Category: Natural chemicals
Introduction and description
Inositol is a carbohydrate, though not a classical sugar. It has a taste which has been assayed at half the sweetness of table sugar (sucrose). myo-Inositol plays an important role as the structural basis for a number of secondary messengers in eukaryotic cells, the various inositol phosphates. Inositol and some of its mono and polyphosphates are involved in a number of biological processes, including:
Insulin signal transduction
Nerve guidance (Epsin)
Intracellular calcium (Ca2+) concentration control
Inositol and health
Some preliminary results of studies on high-dose inositol supplementation show promising results for people suffering from problems such as bulimia, panic disorder, obsessive-compulsive disorder (OCD), agoraphobia, and unipolar and bipolar depression.[Eur Neuropsychopharmacol. 1997 May;7(2):147-55.]
In a single double-blind study on 13 patients, myo-inositol (18 grams daily) was found to reduce the symptoms of OCD significantly, with effectiveness equal to SSRIs and virtually without side-effects. In a double-blind, controlled trial, myo-inositol (18 grams daily) was superior to fluvoxamine for decreasing the number of panic attacks and other side-effects.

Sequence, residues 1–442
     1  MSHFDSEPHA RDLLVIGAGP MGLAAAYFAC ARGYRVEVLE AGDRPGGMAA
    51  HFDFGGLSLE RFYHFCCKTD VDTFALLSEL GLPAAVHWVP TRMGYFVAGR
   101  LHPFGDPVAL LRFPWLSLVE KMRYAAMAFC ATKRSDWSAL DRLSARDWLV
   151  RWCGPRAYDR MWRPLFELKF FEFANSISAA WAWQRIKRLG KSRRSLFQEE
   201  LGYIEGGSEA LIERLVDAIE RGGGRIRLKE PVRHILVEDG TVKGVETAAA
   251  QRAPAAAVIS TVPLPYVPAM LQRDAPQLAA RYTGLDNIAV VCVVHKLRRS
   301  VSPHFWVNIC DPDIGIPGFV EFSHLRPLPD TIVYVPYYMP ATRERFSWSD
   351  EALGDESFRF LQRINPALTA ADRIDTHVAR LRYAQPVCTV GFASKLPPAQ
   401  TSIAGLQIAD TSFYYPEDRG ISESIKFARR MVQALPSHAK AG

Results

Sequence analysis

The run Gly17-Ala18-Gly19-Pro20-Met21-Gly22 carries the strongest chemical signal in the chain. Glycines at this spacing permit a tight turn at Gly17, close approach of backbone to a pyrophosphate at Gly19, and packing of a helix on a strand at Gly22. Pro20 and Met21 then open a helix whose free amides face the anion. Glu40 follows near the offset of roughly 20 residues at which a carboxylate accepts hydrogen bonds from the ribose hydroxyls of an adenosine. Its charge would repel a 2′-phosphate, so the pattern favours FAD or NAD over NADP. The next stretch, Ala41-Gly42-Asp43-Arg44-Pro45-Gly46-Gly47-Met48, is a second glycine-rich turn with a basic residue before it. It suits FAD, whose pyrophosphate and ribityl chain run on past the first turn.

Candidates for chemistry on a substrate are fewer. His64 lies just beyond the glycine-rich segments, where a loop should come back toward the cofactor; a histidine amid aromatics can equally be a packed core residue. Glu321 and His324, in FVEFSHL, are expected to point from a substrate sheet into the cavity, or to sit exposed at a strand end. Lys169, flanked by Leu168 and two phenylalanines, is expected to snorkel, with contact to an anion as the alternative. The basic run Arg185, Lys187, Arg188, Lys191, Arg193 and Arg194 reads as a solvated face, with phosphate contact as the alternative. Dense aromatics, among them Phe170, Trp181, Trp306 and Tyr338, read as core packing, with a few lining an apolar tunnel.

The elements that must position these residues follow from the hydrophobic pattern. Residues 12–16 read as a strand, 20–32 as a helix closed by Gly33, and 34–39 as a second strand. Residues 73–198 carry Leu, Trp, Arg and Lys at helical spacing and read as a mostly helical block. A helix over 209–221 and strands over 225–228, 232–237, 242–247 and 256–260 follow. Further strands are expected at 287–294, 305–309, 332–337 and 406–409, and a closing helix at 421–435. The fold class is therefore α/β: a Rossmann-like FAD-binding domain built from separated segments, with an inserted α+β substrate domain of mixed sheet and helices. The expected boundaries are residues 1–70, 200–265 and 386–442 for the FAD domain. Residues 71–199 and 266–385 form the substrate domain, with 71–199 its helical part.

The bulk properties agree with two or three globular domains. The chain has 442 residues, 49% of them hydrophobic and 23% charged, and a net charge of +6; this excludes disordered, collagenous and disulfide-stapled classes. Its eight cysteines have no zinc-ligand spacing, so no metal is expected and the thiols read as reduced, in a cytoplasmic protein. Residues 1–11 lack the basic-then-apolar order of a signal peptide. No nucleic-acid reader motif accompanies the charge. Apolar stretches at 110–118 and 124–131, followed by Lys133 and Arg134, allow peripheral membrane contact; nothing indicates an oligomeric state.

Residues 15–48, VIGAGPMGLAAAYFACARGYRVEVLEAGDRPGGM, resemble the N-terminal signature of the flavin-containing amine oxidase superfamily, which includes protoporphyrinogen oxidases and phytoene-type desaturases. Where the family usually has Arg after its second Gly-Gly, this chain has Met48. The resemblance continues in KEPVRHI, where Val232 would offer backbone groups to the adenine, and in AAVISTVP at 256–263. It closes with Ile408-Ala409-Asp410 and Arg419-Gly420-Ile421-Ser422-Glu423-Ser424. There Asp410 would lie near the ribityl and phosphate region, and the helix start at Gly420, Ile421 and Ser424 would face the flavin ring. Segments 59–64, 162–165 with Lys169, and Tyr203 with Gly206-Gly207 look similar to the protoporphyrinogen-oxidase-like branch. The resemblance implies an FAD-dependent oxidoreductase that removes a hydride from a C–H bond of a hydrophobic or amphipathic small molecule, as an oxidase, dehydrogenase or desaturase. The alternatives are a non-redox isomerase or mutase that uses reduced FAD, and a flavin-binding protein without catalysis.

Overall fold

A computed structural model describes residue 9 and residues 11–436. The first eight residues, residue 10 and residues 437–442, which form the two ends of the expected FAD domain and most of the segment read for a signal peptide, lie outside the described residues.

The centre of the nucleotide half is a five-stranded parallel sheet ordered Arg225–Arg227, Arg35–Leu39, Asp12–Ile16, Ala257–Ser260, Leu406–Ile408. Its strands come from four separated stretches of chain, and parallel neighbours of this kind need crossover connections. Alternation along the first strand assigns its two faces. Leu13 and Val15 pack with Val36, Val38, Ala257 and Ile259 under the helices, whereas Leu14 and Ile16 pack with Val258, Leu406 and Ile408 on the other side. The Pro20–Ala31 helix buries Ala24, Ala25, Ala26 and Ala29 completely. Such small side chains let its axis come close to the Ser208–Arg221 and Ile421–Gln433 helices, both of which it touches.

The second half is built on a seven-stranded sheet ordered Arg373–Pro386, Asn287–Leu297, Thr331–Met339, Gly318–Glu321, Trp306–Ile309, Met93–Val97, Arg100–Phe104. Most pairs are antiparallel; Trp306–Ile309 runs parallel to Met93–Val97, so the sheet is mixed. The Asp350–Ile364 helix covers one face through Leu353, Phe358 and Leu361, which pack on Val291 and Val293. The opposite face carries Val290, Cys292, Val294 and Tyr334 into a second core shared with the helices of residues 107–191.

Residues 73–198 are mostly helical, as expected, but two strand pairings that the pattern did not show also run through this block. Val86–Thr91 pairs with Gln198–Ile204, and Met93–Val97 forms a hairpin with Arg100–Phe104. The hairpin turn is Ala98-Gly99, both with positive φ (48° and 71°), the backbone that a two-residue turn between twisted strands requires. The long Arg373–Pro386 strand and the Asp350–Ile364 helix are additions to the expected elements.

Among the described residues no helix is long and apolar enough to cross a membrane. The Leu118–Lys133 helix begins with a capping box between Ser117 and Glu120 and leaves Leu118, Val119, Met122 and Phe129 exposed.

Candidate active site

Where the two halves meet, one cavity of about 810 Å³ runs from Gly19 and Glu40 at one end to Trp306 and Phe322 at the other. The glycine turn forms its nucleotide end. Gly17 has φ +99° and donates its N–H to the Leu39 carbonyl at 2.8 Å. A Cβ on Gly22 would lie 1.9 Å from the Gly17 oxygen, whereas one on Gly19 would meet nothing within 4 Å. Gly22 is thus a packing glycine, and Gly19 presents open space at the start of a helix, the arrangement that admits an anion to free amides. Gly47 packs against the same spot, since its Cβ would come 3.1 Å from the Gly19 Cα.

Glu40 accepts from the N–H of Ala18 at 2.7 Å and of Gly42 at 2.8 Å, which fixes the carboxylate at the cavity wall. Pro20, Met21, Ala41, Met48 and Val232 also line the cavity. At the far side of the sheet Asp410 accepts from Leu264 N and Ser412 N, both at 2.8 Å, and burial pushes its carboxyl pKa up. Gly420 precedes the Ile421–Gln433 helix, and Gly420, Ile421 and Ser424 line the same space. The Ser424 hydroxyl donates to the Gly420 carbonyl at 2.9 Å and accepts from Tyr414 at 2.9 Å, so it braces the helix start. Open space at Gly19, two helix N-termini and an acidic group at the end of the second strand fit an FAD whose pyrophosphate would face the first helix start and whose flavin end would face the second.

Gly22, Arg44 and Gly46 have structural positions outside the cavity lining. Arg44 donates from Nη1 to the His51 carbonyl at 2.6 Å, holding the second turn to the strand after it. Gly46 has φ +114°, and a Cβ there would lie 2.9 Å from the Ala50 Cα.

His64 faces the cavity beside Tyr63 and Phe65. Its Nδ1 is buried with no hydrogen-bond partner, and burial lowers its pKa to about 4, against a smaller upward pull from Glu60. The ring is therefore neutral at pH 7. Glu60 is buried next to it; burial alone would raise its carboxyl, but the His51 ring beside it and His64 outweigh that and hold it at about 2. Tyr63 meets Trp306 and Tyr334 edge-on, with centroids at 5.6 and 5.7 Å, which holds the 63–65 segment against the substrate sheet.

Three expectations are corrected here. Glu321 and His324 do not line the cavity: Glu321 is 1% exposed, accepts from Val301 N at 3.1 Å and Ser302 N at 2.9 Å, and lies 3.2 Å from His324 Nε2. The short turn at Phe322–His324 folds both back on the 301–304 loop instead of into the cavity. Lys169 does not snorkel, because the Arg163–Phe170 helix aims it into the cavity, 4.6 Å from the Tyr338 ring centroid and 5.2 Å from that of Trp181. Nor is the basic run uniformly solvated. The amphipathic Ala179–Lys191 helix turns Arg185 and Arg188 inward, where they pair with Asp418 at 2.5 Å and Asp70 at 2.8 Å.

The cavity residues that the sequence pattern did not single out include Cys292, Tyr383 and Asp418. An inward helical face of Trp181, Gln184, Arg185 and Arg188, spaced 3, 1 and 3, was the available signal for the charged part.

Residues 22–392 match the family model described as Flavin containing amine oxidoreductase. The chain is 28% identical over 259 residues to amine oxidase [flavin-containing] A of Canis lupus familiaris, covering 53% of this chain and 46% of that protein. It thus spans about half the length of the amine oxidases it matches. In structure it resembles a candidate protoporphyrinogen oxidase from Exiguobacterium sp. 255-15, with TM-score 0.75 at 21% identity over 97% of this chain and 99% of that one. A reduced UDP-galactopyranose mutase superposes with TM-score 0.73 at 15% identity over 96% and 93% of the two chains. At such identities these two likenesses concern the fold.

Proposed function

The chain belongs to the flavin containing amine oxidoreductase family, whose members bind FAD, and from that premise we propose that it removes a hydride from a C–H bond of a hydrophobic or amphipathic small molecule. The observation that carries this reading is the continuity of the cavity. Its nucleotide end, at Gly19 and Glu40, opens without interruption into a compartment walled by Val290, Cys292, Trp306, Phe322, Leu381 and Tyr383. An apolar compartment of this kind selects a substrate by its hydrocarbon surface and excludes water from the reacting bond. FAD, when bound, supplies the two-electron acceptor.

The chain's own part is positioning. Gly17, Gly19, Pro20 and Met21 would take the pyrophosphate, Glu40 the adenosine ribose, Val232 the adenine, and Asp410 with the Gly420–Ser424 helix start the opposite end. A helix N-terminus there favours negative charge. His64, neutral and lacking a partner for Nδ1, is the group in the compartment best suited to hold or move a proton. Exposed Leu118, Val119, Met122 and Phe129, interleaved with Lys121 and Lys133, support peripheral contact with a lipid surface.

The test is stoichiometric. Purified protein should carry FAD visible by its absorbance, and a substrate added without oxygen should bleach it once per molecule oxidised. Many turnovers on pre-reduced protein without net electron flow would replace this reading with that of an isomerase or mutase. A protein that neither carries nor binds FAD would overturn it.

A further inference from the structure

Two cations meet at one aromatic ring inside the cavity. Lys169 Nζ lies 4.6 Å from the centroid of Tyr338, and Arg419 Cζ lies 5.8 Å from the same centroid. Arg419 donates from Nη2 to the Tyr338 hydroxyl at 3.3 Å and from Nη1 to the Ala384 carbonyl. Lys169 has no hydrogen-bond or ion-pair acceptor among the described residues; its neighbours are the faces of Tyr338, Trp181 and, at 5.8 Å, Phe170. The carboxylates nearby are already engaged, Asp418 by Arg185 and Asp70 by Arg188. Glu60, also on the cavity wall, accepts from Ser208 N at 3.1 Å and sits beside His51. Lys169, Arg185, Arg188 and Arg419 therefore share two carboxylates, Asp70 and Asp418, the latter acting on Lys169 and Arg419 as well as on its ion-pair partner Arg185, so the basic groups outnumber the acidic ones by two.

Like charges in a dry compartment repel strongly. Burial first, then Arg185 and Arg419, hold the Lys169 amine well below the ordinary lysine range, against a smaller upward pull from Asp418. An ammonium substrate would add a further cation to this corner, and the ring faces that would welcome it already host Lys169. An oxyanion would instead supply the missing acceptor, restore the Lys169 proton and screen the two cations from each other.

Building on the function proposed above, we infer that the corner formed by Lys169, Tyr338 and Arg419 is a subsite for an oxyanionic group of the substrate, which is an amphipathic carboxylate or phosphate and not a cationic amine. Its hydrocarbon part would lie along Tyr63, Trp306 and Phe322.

A double-blind, placebo-controlled study of depressed patients showed that a high dose of inositol (12 grams daily) resulted in significant improvement of symptoms, with no changes noted in liver, kidney, or hematological function. A meta-analysis of randomized trials of inositol for depression was not able to determine if inositol is of benefit.
The implication here may thus be that these patients had a diet that was too low in myo-inositol. The next question is thus what are the natural sources of myo-inositol?
Inositol or its phosphates and associated lipids are found in
- Fruit, especially cantaloupe and oranges.
- Seeds [some] including sprouted seeds
Fresh vegetables and fruits were found to contain more myo-inositol than did frozen, canned, or salt-free products